The transformation of hunky Rustom Padilla to the beautiful BB Gandanghari is one admirable thing deserving of praise. Finally, Rustom became true to himself about how he felt and became a she. (Too bad for Carmina.) I can imagine it was hard for Rustom to grow up in a homophobic environment, what with a commanding father and brusko brothers like Robin at his side. I guess living far away in the liberal parts of the United States did him good.
However, as admirable as Rustom’s coming out and subsequent reinvention into BB may be, I fear that this episode will only reinforce stereotypes about non-heterosexual guys and possibly strengthen the stigma and ridicule against non-effeminate gay guys.
Philippine society as a whole has quite a backward view on non-straight people. Most Filipinos view gay guys as men who feel that they are women trapped in a guy’s body. This is reinforced by the plenty of out gay guys in showbiz, the sashaying gays that populate beauty parlors and salons (hence "parlorista" gays), and the numerous gay beauty contests in every town in the Philippines (see the movie The Thank You Girls and even Sagwan for a representation of this propensity for gay beauty pageants). With another example in the form of Rustom Padilla, especially since Filipinos knew him before as this macho leading-man actor in plenty of action films, I can see his transsexual/transgendered state—the terms can be pretty bewildering—as further raising confusion in Philippine society regarding people who aren’t straight.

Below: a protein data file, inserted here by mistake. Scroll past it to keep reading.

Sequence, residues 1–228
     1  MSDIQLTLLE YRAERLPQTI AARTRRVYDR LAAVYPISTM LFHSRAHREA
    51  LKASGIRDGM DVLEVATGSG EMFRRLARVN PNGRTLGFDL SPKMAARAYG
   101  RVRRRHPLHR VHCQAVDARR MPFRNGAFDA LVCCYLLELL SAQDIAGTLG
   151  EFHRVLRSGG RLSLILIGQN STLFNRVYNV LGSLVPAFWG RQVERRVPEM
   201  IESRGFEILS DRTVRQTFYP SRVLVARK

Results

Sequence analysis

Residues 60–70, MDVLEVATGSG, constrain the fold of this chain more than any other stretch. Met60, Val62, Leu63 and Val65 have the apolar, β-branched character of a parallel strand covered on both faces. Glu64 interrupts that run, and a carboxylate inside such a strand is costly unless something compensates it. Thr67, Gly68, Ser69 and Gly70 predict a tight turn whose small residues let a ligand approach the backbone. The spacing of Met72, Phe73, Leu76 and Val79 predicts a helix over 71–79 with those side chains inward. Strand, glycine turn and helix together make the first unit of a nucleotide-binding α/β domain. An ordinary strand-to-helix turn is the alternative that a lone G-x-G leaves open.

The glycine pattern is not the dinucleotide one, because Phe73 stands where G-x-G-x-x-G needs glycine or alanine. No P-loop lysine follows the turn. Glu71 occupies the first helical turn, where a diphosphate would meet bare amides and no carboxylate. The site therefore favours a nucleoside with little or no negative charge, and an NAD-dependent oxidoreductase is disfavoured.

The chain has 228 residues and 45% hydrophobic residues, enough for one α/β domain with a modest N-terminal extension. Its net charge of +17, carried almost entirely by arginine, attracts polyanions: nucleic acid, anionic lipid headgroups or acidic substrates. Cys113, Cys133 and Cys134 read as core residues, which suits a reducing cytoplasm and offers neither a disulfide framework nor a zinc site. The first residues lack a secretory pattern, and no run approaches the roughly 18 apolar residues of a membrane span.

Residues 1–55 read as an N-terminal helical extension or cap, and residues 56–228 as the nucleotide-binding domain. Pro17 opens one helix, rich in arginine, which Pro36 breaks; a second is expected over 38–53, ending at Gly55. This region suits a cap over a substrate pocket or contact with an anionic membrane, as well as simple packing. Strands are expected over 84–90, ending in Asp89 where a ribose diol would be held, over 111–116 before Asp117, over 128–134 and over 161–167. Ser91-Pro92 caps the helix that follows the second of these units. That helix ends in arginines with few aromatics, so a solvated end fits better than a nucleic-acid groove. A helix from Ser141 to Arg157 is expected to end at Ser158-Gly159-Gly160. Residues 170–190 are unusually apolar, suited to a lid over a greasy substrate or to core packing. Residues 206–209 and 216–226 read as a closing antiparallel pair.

I think the root of the problem is that there is widespread misunderstanding regarding the difference between sexual orientation and gender identity. The former is concerned with what gender you are sexually attracted to while the latter is about what gender you identify with. (Of course, it’s not as simple as this, but it suffices for the sake of discussion.) A man can still identify as a man and behave in a masculine manner but still be primarily attracted to other men. Sounds familiar?
So, I hate it when people automatically ascribe effeminate or female qualities to guys who just happen to be attracted to other guys. Just because the traditional role of females is to be attracted to males does not mean that men who are attracted to other men wants to become females or hope to take on feminine roles.
So what do you think? Do you agree with my observations? How do you think we can help Philippine society understand the colorful PLU world?